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Blue and Gold Macaw

Ara ararauna
Conservation Status: 
Least Concern on the IUCN Red List (but still a protected species under CITES and other international treaties).
The northeastern parts of South America.
Wooded areas, usually near water.
Macaws are highly social parrots that form groups of around 20 to 30 birds. Larger groups gather at clay licks on riverbanks. Their beak is adapted for eating seeds and nuts, providing them access to a wide variety of nuts that few other animals can reach. Macaws crack the hard shell between their upper and lower beak, using their tongue and palate to grind seeds for digestion. They consume seeds, fruits, nuts, and some vegetable matter. Macaws have zygodactyl feet (2 toes in front, 2 toes in back), enabling them to grasp onto their food and aiding in climbing. They possess a highly muscular gizzard to assist in the breakdown of extremely tough plant material.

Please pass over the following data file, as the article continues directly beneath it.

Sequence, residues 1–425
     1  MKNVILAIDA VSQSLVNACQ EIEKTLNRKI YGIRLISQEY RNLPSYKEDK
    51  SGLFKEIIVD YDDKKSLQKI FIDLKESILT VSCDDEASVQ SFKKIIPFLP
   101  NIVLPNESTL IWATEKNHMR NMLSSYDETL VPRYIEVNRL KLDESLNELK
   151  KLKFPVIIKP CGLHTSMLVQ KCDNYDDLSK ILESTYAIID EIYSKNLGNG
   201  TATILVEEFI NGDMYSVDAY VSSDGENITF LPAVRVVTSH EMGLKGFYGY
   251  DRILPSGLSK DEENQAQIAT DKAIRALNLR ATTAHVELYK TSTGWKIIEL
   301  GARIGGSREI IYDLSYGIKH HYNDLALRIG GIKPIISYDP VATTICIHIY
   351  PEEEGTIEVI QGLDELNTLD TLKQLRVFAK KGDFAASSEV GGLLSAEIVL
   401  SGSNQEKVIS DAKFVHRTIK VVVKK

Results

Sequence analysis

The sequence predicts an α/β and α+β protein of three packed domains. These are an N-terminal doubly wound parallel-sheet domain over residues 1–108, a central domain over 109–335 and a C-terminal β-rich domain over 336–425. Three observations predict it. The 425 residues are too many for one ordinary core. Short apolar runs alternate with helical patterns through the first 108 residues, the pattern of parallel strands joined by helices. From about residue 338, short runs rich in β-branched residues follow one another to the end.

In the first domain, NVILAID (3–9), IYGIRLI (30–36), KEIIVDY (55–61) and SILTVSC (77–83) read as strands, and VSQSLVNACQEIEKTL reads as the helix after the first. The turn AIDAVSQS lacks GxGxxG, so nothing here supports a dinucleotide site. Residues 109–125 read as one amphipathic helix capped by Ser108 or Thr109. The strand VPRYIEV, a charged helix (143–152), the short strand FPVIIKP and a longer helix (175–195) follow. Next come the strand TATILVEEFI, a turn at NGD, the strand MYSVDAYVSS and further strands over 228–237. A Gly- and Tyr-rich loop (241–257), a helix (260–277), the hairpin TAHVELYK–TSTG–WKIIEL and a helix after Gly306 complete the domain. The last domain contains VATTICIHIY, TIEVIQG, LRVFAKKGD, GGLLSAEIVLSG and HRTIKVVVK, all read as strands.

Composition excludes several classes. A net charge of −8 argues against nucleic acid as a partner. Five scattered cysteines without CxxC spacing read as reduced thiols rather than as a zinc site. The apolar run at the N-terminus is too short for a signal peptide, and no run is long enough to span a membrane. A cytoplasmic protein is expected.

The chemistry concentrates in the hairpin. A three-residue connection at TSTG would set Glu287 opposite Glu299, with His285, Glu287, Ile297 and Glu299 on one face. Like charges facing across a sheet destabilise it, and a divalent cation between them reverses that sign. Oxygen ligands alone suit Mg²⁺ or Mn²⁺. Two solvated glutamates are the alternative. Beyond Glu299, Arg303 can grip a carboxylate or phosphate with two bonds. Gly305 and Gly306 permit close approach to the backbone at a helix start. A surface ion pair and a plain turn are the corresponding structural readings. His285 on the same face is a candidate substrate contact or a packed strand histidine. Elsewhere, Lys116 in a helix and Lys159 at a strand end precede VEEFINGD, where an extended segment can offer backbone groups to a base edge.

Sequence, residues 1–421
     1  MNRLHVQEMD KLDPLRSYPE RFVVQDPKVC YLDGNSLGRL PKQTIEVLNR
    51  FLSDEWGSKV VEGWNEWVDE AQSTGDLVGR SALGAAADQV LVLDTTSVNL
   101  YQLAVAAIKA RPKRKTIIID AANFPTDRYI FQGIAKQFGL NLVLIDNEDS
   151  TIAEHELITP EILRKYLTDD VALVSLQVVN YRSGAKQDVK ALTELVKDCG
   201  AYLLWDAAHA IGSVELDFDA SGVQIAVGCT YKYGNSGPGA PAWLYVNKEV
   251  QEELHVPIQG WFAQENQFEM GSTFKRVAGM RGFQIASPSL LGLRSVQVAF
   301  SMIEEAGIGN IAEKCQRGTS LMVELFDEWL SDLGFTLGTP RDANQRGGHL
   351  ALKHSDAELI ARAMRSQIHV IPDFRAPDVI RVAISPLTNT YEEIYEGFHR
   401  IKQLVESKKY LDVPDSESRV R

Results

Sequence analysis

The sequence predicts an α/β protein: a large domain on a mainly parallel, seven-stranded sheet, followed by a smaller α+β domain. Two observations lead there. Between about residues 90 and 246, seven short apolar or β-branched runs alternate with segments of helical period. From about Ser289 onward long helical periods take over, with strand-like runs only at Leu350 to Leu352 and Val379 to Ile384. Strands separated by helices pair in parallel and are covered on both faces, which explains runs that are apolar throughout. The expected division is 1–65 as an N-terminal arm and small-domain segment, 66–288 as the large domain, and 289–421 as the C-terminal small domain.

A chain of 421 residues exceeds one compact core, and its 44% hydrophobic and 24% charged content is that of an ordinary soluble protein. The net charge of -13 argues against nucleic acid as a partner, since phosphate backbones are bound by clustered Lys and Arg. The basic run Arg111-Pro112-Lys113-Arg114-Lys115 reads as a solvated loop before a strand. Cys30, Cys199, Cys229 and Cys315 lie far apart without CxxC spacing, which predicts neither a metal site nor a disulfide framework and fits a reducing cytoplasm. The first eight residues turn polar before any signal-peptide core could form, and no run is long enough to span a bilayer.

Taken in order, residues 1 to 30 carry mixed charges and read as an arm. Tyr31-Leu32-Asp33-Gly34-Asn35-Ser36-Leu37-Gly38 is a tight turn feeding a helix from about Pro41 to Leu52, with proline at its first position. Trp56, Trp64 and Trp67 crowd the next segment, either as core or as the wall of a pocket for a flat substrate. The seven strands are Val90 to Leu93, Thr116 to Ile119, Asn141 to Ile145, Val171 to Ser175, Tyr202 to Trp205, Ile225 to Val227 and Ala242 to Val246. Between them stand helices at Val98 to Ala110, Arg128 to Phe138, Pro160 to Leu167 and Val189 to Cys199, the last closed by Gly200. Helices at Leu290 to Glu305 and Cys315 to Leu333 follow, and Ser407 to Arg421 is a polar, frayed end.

They are excellent flyers, especially over long distances. Their long tail helps them navigate through forests by providing balance.
Blue and Gold Macaws can begin laying eggs around 5 years of age and continue until they are 35. They nest in cavities at the top of tall, dead trees. The female lays one or two eggs, typically a day or two apart. During the incubation period of 24 to 26 days, the male feeds the female and defends the nest site. Once hatched, the young are altricial and rely on parental care for survival. The female regurgitates partially digested vegetable matter to feed the young, and after about a week, the male joins in. By ten weeks, the young macaws have developed feathers, wings, and a tail. Baby macaws have black eyes, but their eye color changes from black to grey to white to yellow as they mature. At six months, distinguishing the young from the parents becomes difficult, except for differences in eye color.
In their natural environment, Blue and Gold Macaws have a lifespan of around 40 years, but under human care, they can live up to 80 to 100 years. Blue and Gold Macaws live well beyond their reproductive years and play a role in teaching the younger birds. Older birds possess knowledge about food acquisition and predator avoidance, which they can pass on to the younger generations.